|Boiling Point No. 25 - August 1991 (ITDG - ITDG, 1991, 36 p.)|
Organisation, Geneva, 5-8 June 1991
Impressions by Emma Crewe, Social Anthropologist, ITDGlUniversity of Edinburgh.
Between 400-800 million people, predominantly women and children, are exposed to potentially health-damaging biomass smoke. Although this health risk is well recognized, the correlation between fuel use and specific health effects is not proven, and the effectiveness of smoke exposure reduction techniques not known. For this reason, the Prevention of Environment Pollution Unit of the World Health Organisation's Environmental Health Division, brought together an international group of researchers. They were asked to describe what is already known about the health effects, effectiveness of technical interventions and socio-economic aspects of indoor air pollution from biomass fuels and, more importantly, to identify the priority areas for further research in this domain.
Biomass will remain the only viable fuel for the majority of rural households in the South, although there is wider scope for substitution by alternative fuels in urban areas. Compared to other environmental pollution problems that receive far more attention and funding, the individual and population exposures and extent of mortality and morbidity from biomass smoke are enormous. Epidemiological studies indicate that: poorly ventilated conditions, indoor air pollution can lead to acute and chronic lung and airways disease, secondary heart disease and eye inflammation. The health benefits of reduced biomass smoke exposure can therefore be considerable. combustion efficiency of biomass fuels can also have significant benefits in energy saving and the prevention of greenhouse gases.
The use of biomass fuels is also associated with poorly designed stoves, giving rise to bums and fire hazards as well as injuries and excessive energy expenditure in collecting the fuel. In areas with fuel shortages, collecting and using biomass fuel consumes increasingly more time and intensifies women's workload. In addition, fuel shortages can affect diet by reducing the frequency of cooking, switching to less nutritious but quicker- cooking foods and eating previously cooked food.
However, health, social and technical research is far from complete. For example over 600 million people in China rely on biomass fuels and yet there has been relatively little research on the related health effects. Systematic research programmes testing the effectiveness of smoke exposure reduction techniques are rare.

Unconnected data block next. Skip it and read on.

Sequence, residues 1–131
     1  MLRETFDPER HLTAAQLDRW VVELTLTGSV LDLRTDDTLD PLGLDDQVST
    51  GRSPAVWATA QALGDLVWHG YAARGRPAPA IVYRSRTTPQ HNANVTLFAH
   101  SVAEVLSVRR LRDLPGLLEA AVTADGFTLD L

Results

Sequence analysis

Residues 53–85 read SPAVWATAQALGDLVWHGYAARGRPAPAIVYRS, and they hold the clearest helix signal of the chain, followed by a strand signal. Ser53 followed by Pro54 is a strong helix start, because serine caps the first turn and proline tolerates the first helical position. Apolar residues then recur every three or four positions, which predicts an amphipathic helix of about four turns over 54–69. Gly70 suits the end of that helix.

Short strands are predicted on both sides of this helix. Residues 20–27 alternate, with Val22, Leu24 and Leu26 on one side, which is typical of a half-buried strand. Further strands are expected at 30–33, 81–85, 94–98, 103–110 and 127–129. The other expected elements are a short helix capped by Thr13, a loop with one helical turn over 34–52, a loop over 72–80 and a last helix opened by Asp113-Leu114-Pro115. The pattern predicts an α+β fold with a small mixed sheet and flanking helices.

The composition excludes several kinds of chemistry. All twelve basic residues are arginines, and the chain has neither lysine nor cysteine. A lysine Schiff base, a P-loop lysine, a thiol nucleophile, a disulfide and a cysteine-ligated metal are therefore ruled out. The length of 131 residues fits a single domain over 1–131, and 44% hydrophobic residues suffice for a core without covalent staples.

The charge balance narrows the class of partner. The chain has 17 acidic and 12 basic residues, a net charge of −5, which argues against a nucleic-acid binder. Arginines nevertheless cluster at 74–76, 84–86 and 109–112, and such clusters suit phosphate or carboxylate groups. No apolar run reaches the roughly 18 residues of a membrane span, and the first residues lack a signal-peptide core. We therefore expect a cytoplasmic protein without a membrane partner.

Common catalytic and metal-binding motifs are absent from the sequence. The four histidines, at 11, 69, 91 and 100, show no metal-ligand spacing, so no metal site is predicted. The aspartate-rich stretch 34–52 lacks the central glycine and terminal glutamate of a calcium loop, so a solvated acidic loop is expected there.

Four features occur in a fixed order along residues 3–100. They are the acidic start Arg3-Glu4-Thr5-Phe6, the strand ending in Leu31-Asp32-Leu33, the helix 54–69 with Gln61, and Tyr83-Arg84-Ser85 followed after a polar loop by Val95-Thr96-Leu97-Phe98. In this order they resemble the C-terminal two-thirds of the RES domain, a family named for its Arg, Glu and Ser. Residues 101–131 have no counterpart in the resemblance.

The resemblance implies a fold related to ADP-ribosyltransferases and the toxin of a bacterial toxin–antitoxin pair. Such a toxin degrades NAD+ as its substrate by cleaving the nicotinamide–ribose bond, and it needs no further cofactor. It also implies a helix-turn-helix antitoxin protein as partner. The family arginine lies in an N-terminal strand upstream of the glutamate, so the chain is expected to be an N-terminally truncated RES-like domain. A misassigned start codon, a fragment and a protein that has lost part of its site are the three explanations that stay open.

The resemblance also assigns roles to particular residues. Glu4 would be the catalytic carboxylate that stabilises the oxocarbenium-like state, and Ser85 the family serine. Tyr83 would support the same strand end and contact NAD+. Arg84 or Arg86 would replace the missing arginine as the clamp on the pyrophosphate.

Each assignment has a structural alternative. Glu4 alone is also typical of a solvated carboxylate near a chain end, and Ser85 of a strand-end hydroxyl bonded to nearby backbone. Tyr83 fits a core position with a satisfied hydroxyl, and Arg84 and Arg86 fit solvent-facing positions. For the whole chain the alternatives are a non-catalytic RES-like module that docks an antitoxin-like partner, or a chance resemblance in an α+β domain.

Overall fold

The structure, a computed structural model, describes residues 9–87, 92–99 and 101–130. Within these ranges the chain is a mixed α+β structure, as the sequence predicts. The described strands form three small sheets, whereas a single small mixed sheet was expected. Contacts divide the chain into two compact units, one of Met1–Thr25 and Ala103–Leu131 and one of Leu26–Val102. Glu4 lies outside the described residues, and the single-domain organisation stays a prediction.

Improved stoves are not the only viable technical option. Kitchen design has been relatively ignored by householders, architects and housing planners. Yet it plays a key role in comfort, health, safety and productivity for women and children.
Turning to the performance of technical solutions, a recent global survey of improved stove programmes (excluding India and China) indicated a common emphasis on fuel efficiency, with Africa focusing on the problem of deforestation and Latin America concentrating on welfare.
This survey showed that the average time it takes to introduce stoves may be less than once thought - probably 2-5 years for portable stoves, 10-15 for fixed (chimney) stoves and 20-30 years for improved kitchens. In some programmes, dissemination rates have been slow because problem areas have not been targeted and stoves have not been well integrated into other development activities. In commercialized programmes, rapid dissemination depends upon a marketing message that is tailored to the local situation and fulfills people's immediate needs. In Africa, interest in smoke from biomass combustion has been growing, but many stove dissemination programmes have cited lack of appropriate information as a constraint to incorporating smoke reduction into their projects. Effective dissemination has followed from basing project design and implementation on national and community priorities and knowledge, rather than on global generalizations. During the working group sessions, critical gaps in knowledge were identified and translated into priority areas for research.
The final discussion addressed the following question: why has household energy received much less funding than might be expected considering the scale of the problem associated with biofuel use? It was suggested that a lack of political will was partly the result of:
- a shortage of motivated local researchers;
- a lack of awareness about the importance of household energy;
- scientific rivalry and an over-emphasis on the importance of biomedical science;
- a lack of cooperation/communication between groups, sectors and disciplines;
- inflexible structures separating areas within organizations (ea. health, energy, agriculture);
- too little recorded proof of success in projects.
Since the domain of the kitchen and household energy collection and use usually involves women's unpaid labour - part of the undervalued informal sector - it is perhaps not surprising that it has received less attention than it deserves. It is hoped that implementing the recommcndations from this lively and dynamic meeting will begin to correct this.
An official report will be produced by WHO and requests for copies should be sent to:
Ms J Sims, Technical Officer, Prevention of Environmental Pollution, Division of Environmental Health, World Health Organisation, CH - 1211 Geneva 27, SWITZERLAND
Tel: 791 2111,
Fax: 791 07 46,
Telegr: UNISANTE GENEVA
BP 26 will carry a summary of the report.